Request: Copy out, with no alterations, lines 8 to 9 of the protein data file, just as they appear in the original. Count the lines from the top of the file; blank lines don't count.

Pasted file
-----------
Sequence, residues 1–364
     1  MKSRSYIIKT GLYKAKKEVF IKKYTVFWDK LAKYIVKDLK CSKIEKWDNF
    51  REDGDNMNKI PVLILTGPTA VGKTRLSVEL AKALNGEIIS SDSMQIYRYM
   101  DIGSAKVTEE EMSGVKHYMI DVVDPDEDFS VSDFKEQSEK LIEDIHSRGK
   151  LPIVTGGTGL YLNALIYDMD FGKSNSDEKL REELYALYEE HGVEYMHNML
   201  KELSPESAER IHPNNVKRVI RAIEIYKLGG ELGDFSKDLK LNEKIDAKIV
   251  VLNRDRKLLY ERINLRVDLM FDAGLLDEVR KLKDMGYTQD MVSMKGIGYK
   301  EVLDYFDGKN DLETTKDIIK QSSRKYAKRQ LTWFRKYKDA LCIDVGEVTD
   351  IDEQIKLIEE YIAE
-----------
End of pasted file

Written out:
   301  EVLDYFDGKN DLETTKDIIK QSSRKYAKRQ LTWFRKYKDA LCIDVGEVTD
   351  IDEQIKLIEE YIAE